(d) We finally learn that going barefoot is considered an Inuy from the Pasuk in Yirmiyah "Min'i Raglech mi'Yachef, u'Geronayich mi'Tzim'ah".
How do we interpret this Pasuk?

Answers to questions



(a) We learn that refraining from Tashmish is considered an Inuy from the words of Lavan in Vayetzei "Im Te'aneh es Benosai, ve'Im Tikach Nashim". What do the two phrases respectively, mean?

(b) How do we know that "ve'Im Tikach Nashim" is not simply an explanation of "Im Te'aneh es Benosai" (in which case the proof from here, that refraining from Tashmish is considered an Inuy falls away)?

(c) The Gemara then suggests that both phrases refer to not taking Tzaros (rival wives) to Rachel and Leah.
What does this mean?

(d) And we answer that, in that case, the order of the phrases should have been inverted.

(a) It appears from the Pasuk written in connection with Shechem's abduction of Dinah "va'Yishkav Osah va'Ye'aneha", that Tashmish itself can be an Inuy. In that case, how can we use the same term to describe *refraining* from Tashmish as an Inuy?

(b) How does Rashi prove that the Gemara's answer cannot mean that he had performed sodomy with her?

(a) May one wash a part of one's body on Yom Kipur?

(b) When is one permitted to wash or even to take a bath?

(c) It is forbidden to anoint even a part of one's body.
Who is permitted to anoint ...

  1. ... a part of his body?
  2. ... even his whole body?
(d) A woman is permitted to wash one hand to feed her baby.
Why ...
  1. ... does her hand need to be washed in the first place?
  2. ... did they make Shamai wash both his hands in order to feed his baby?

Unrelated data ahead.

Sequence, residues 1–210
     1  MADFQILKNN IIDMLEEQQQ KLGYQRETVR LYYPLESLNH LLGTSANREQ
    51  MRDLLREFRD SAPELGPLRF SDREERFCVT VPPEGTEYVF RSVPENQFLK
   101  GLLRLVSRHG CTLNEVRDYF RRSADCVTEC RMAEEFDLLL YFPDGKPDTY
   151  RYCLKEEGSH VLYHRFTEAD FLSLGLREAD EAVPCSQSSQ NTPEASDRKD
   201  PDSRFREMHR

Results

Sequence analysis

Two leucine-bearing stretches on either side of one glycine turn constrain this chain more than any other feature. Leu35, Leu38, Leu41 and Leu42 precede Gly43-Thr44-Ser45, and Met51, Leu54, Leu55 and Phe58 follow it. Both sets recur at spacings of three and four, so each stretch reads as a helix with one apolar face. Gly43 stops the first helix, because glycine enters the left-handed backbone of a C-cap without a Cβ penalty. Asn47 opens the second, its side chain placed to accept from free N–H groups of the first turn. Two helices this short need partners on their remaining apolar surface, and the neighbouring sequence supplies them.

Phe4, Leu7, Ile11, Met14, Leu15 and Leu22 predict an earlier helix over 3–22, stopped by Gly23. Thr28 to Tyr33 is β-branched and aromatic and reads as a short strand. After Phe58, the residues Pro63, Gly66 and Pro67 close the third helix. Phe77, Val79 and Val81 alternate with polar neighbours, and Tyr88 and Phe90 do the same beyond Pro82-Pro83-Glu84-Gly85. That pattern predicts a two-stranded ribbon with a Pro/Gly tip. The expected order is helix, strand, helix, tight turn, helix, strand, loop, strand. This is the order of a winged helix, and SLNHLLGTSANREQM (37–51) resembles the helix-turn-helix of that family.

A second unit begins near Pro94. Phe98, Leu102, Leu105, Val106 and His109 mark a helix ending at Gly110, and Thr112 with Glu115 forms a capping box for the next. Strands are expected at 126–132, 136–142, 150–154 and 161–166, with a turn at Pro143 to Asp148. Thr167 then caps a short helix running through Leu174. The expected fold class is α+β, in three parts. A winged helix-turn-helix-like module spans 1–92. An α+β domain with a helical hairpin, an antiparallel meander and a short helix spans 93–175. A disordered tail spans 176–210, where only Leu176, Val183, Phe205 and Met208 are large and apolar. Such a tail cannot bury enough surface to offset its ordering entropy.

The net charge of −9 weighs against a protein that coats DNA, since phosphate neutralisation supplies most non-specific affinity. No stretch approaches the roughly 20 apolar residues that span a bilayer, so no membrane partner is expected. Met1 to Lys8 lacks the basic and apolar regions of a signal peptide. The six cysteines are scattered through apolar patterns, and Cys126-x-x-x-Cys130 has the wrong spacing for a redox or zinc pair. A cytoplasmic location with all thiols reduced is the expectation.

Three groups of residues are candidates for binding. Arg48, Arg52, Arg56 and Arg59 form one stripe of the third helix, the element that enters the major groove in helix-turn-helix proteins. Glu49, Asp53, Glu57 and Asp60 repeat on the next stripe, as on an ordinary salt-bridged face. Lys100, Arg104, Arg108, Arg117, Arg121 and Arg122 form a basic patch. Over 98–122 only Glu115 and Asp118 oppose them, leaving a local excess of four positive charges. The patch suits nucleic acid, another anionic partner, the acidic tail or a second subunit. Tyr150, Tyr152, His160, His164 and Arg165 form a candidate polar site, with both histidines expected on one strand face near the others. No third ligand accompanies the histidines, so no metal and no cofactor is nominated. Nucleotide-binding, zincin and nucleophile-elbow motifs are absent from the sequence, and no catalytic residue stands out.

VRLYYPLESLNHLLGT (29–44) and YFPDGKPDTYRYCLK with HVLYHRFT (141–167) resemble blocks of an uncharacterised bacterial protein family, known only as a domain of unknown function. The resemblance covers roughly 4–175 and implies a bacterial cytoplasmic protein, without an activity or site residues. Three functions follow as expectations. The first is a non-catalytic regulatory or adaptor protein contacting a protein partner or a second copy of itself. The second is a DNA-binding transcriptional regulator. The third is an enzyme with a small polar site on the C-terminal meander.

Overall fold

(a) Whom does the Tana of the Beraisa permit to wade through water even up to his neck on Yom Kipur?

(b) On what grounds did Rav Ashi disagree with Rav Yitzchak bar bar Chanah, who proved that even a Rebbe may wade through water to visit his Talmid, from the fact that Ze'iri did so when he went to visit Rav Chiya bar Ashi his Talmid?

(c) Why did Rava give express permission to the residents of Eiver Yemina to wade through water on Yom Kipur?

(d) Why did Abaye disagree, when Rav Yosef permitted the people of Tarbu to wade through water to go and hear the Derashah on Yom Kipur, but not to return?

(a) On what condition did Rav Yehudah permit Rami bar Papa to wade through the river to ask him and his son Rav Shmuel some Kashyos?

(b) How do we reconcile the concession to wade through water up to one's neck on Yom Kipur - with the element of danger which ought to create a prohibition - as is borne out by the Pasuk in Yechezkel, regarding the river which flowed through the Beis Hamikdash from the Kodesh Kodashim, and which later become a turbulent, impassable river?

(c) May one cross a fast-flowing river which is ...

  1. ... ankle-deep?
  2. ... knee-deep?
  3. ... loin-deep?
(d) Will it be possible ...
  1. ... to swim across the stream that will flow from the Kodesh Kodashim, one it becomes impassable on foot?
  2. ... to cross it by boat?
  3. ... for the Angel of Death to cross it?
Answers to questions